"Among the major outlet process coverage of the match and the rest of European soccer’s American summer vacation, there have been think pieces of questioning the value of these European tours—whether they are a detriment to the growth of MLS, a ‘problem’ for American soccer as a whole, or merely a vapid commercial exercise. All of these things are potentially true, but they represent an ever-present insecurity that forms a divide within American soccer culture—that there is a right way to be an American soccer fan, that there is a right way to grow the sport in the United States, that these friendlies are fake."

Read the rest here.

Affordable housing and eco redevelopment in Ann Arbor

A pair of Ann Arbor affordable housing projects are under the microscope as WEMU looks at where green redevelopment and housing for lower income residents dovetail.


"To 'better serve both its residents and our communities' public housing in Ann Arbor will become “greener,” healthier, more comfortable and more energy efficient, thanks to a project under way that includes significant involvement from the Ecology Center.

Jason Bing, healthy buildings director at the Ecology Center, is working with the Ann Arbor Housing Commission and Norstar Development on two new affordable housing projects that are intended to be models of green and healthy residential construction. When complete, the housing units should lower utility costs, as well as provide homes that are more comfortable and healthier for their residents."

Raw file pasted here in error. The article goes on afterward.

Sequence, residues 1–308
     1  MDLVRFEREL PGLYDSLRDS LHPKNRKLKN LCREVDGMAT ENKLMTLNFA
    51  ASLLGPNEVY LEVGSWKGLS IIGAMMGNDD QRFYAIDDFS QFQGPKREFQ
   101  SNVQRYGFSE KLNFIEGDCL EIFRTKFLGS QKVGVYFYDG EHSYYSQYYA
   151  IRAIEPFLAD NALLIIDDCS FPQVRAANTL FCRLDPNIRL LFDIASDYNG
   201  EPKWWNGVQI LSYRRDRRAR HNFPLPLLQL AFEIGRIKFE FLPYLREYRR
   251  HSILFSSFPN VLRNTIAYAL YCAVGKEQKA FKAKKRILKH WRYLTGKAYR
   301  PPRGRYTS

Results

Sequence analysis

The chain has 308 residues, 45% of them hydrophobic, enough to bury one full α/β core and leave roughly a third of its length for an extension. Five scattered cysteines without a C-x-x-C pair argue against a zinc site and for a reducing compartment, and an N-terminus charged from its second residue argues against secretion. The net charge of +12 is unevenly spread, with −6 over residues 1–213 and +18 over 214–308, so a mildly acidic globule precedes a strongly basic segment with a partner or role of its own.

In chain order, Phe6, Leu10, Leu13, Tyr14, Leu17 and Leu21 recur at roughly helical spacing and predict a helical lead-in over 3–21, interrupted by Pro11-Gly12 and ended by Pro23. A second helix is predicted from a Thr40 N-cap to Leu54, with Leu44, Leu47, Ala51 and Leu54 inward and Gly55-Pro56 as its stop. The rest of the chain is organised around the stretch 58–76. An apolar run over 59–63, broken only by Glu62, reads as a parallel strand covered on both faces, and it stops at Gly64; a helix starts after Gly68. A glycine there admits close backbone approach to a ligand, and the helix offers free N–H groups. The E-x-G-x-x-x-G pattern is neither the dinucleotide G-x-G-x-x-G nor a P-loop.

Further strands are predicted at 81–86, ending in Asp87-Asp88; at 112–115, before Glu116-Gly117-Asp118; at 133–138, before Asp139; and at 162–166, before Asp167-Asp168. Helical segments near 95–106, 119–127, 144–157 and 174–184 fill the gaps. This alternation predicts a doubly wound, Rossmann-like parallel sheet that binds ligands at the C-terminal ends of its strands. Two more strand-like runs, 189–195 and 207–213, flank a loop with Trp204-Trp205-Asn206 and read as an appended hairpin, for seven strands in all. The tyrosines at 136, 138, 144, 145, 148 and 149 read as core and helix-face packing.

Read/listen to the rest here.

U-M's struggle to adopt data-driven learning

Transitioning from traditional educational methods to our technology-aided, data-driven culture is a much more complicated and unwieldy than you might think.


"But things were beginning to change. That same year, Michigan created a central data warehouse that has become a giant digital filing cabinet for all of the data collected by the university’s 19 schools and colleges. And soon universitywide management software vastly increased the amount of data flowing into that central warehouse.

More recently, Michigan has piped in data from its learning-management system that not only identify students and the courses they are taking, but also indicate how frequently they log in to the system, download digital course materials, and submit online assignments."

Read the rest here.

HomeGrown Festival kicks off September Bookfest

The HomeGrown Festival, which features, shockingly enough, local food, music, and drink, will be held at the Kerrytown Farmer's Market the night before the Kerrytown Bookfest - making the weekend a two-fer of community fun. There's a HomeBrew competitionso how bad could it be?

Visit the HomegRown Festival's site here. Check out their event brochure here. Info on Bookfest can be found here.

The secret to human-scaled cities? Smaller roads

This most excellent and passionate blog makes the case that the real secret to livable walkable communities is... smaller roads. We whole-heartedly agree. But good luck with that in Michigan.


"We have to get out of the ugly habit of building such automobile-friendly environments. Once we make it automobile-friendly by adding wide roads and segregating automobile and pedestrian traffic, the automobile will take over. Remember, we fled from this. The result just happened to be worse, because we did not know any better. 

When we break the habit of building wide roads and segregating automobiles from pedestrians - even without having to ban them - we will begin building pleasant urban environments. "

Read the rest here.
1403 Articles | Page: | Show All